A strikingly personal collection of documents by and relating to James Joyce has recently been donated to the James Joyce Foundation in Zurich.
The documents have been given by Hans E Jahnke, the stepson of Joyce’s son, Giorgio. Dr Jahnke inherited them from his late mother Asta, who was Giorgio’s second wife and consequently his heir.
The documents, which were held in a battered trunk, were handed over at a ceremony in Zurich by Dr Jahnke in the presence of the Irish Ambassador to Switzerland, Joe Lynch, and a number of other guests.
These documents are unusual in that they are more personal than any of the Joyce material that has turned up recently. They include 50 letters by Joyce (37 of them to Giorgio) and 34 postcards (23 to Giorgio).
Some of the letters are addressed to both Giorgio and his first wife, Helen Fleischmann, and some to Helen alone. These letters will help to flesh out the activities and relationships of Joyce during the 1920s and 1930s and are an important addition to Joyce’s biography. They are likely to be more personal than Joyce’s letters to Paul Leon released by the National Library in 1992, which were mainly about business matters.
There are also a large number of letters to James, Nora and Giorgio Joyce, including 113 from his publisher Sylvia Beach. Among these is an important letter in which she announces that she will publish Ulysses.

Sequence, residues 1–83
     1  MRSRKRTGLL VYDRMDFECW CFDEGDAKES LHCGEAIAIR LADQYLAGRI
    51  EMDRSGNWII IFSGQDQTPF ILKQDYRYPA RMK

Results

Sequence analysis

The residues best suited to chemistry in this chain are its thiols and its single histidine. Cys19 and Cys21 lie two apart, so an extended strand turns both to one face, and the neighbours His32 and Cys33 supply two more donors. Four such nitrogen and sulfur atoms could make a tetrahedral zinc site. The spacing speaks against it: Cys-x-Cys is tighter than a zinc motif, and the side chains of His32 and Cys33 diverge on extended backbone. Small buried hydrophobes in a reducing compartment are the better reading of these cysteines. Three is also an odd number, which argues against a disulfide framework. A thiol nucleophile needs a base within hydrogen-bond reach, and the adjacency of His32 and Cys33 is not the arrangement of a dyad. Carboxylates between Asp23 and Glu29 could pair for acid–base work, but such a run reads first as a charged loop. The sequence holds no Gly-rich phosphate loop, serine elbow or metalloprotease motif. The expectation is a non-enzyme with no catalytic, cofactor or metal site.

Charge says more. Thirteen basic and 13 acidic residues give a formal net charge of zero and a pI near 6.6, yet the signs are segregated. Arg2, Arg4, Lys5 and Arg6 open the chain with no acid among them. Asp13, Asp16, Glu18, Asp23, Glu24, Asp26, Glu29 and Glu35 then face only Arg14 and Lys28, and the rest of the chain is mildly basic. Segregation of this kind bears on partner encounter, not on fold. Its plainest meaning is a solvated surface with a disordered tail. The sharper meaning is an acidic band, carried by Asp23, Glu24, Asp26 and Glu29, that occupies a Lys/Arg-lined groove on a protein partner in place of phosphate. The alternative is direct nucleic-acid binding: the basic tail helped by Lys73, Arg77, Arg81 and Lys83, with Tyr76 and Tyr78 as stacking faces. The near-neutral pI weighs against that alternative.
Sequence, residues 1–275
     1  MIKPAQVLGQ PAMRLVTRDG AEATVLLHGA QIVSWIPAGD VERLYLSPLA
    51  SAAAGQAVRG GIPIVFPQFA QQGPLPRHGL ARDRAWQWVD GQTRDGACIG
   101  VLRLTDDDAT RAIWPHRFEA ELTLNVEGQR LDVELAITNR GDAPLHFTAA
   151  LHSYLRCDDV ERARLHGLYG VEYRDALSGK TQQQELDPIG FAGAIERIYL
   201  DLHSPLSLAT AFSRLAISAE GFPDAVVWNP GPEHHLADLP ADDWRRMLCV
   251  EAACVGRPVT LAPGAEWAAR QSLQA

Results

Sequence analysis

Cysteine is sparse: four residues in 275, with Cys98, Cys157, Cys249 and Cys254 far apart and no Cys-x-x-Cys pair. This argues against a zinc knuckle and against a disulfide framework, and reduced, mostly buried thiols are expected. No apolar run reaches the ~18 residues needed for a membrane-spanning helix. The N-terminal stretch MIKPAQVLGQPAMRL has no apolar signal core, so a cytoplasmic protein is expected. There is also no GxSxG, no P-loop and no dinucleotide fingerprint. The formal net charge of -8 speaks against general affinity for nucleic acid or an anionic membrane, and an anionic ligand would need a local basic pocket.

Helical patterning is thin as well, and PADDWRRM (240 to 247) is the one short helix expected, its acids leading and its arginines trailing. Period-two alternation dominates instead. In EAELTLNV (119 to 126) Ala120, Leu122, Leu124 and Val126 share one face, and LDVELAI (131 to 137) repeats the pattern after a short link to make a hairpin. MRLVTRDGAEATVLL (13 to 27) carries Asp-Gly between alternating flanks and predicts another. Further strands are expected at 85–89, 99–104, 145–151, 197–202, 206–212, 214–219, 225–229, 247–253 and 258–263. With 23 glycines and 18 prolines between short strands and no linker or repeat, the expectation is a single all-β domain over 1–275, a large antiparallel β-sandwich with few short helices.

This collection will also be of interest to Samuel Beckett scholars since it includes a letter and a postcard to Joyce from Beckett (instances of their correspondence are very rare).
There are also five letters to Nora or Giorgio from Beckett written after Joyce’s death.
The collection includes a touching letter to Nora from Stanislaus Joyce, James’s brother, telling of his feelings just after his brother’s death. There are also some legal and medical documents, among them items concerning the condition of Giorgio’s sister, Lucia.
Most of the manuscript material relates to Finnegans Wake and, unusually, Joyce’s poetry. The most important Finnegans Wake item appears to be what the foundation describes as “21 sheets of Finnegans Wake Notebook material” for Part II, Chapter 3 of the work.
The Zurich James Joyce Foundation, under director Fritz Senn, was already a considerable presence in the Joyce world. This bequest stipulates that the papers must be available to researchers, enhancing the foundation’s status as a major centre of Joyce scholarship.
© The Irish Times